The Seagull

Centre Dramatique National de Normandie / Comédie de Caen, Caen, France, 2001
Author: Anton Pavlovich Chekhov
Directed by Eric Lacascade

about the production

Theatre is an instrument of knowledge. It only interests me when it enables me to understand the human machine. And Chekhov is an excellent generator for that. He is fire which bums. A passion which consumes and flickers intimacies on us. We ourselves then become an induction wire receiving impulses, vibrating and transferring them to the audience.

We were rehearsing all three plays at the same time. As baptism by fire. A desire to stay with them for a long time, as long as possible. As a means leading to knowledge, an instrument offered to us by Chekhov himself. Chekhov as a doctor cures the body, Chekhov as an author cures the soul. To be or not to be? And where is our own free will? We keep being attracted somewhere, but where, in fact? Poetry against coincidence? Theatre against live? A personality stifling the soul? The story is somewhere in between. Between the two, between all three. The Seagull is theory, Ivanov an application and The Family Circle an attempt. To be or not to be? And how both to be and to have? "And to be for whom?" asks Chekhov tempted by Shakespeare. I have told you tonight that confession does not have to lead to communion.

Ivanov is the work of youth. I direct The Seagull now, when I am asking myself questions about art and life. My life and my work progress on the stage at the same pace. And that is what The Seagull is all about. The characters are grandchildren and cousins of lvanov, once removed. I do not leave this family; I only extend it a bit. The plays start with failure of young Treplev in love and in his own family. We are there, we participate in this failure and emptiness. How can one go on after all that? How can one live on? How will the others live with that? That is what I wanted to point out, that is why I chose this play. When I was reading it, I was horrified. What about the young Nina, the actress who will live on all that? You would be looking for condemnation in Chekhov in vain. He shows us his heart on his palm and tells us: Look, it is beating! I love all the characters.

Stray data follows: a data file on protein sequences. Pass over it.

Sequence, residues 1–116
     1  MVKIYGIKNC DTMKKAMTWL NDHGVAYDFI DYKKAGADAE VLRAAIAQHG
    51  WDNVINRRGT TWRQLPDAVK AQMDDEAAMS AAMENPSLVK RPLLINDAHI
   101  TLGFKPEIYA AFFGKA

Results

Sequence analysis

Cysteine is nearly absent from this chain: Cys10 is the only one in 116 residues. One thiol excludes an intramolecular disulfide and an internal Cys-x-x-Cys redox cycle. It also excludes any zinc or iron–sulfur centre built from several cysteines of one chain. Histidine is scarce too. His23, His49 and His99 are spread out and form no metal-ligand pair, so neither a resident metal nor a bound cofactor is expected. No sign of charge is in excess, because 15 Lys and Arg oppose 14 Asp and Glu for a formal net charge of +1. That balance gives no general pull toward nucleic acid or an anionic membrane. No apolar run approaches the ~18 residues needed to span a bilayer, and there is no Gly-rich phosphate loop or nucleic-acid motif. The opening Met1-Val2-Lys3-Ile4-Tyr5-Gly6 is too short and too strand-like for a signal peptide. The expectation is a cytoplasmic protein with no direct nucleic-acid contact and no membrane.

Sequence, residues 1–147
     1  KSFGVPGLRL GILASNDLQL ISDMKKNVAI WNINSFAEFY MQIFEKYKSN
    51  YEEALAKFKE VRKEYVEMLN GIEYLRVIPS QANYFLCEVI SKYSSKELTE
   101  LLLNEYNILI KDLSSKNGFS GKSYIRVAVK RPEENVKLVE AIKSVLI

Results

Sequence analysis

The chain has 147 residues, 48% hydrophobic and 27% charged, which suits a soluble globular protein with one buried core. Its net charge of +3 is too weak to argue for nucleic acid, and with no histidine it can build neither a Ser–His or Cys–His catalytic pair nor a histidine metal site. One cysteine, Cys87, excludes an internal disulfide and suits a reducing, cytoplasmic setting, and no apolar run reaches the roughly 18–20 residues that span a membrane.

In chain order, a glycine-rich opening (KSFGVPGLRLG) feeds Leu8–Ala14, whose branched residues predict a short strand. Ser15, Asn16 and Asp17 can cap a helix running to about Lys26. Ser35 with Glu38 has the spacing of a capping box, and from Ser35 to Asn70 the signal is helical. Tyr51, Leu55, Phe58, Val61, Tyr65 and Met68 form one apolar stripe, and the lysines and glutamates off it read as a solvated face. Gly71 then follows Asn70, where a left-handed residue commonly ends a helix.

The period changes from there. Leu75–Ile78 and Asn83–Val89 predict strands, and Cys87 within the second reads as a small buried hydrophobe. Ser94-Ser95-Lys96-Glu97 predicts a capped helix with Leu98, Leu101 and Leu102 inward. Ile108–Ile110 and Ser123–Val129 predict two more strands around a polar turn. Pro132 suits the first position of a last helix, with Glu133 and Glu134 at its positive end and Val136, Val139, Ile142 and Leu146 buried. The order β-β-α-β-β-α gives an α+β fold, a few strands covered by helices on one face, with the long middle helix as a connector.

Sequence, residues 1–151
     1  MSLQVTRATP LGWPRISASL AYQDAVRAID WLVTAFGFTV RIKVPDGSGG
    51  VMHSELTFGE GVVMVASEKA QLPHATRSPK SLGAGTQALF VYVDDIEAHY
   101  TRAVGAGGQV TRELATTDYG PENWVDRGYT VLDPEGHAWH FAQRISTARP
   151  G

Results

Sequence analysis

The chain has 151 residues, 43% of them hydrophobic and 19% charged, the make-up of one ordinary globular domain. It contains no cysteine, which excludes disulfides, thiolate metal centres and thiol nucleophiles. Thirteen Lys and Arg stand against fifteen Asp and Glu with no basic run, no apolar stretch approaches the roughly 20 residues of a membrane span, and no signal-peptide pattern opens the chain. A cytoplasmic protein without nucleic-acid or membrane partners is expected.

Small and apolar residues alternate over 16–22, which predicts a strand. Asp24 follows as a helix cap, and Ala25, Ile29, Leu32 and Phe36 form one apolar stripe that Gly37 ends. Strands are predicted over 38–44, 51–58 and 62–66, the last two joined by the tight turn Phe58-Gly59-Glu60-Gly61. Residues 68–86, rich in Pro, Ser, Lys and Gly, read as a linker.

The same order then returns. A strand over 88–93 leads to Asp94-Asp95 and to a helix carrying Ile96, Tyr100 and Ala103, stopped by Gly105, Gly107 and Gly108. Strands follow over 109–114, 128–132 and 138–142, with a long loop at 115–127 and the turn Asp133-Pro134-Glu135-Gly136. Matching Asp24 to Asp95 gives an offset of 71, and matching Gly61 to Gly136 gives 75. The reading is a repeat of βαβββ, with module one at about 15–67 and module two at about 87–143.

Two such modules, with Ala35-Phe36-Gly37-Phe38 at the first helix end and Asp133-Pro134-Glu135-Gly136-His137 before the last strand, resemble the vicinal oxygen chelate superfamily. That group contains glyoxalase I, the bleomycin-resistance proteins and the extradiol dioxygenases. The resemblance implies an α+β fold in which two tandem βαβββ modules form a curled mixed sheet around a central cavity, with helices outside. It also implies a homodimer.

Eric Lacascade


adaptation and directed by Eric Lacascade
dramaturgy:  Vladimir Petkov
characters and cast:    
Sorine: Jean Boissery, Chamrayev: Jean-Baptiste Gillet, Arkadina: Muriel Colvez, Dorn: Serge Turpin, Paulina: Arzella Prunennec, Treplev: Christophe Grégoire, Medvedenko: Stéphane Jais, Trigorine: Eric Lacascade, Masha: Christelle Legroux, Nina: Daria Lippi

co-production: Festival ďAvignon, Les Gémaux-Sceaux/Scéne National, Théâtre de Cherbourg/Scéne National , La Rive Gauche, Saint-Etienne du Rouvray, ODACC du Calvados, Festival de Théâtre de la Région Haute-Normandie




Eric Lacascade (1959) 

Director and actor, since 1997 director of Comédie de Caen/Centre Dramatique National de Normandie, supported by the regional directorate of the Ministry of Culture, local and regional self­government and by a 35-strong permanent company. In his method of directing he prefers playing with space, he devotes enough room to experiment and he deals with one piece during an extended period of time. For example, the Chekhov Trilogy (Ivanov / Family Circlefor Three Sisters / The Seagull) presented at the Avignon Festival in 2000, or the triptych On Life, Love and Death, which was an amalgamation of work by Racine, Claudel and Duriť in the 1997/ 1998 season. In his theatre (CND de Normandie) apart from creating new productions and accepting other theatres he has made space for research and reflect1on by establishing Centre for Theatre Research and Experiment (CRET). The Chekhov Trilogy received the Georges Lerminier Prize for best directing outside Paris.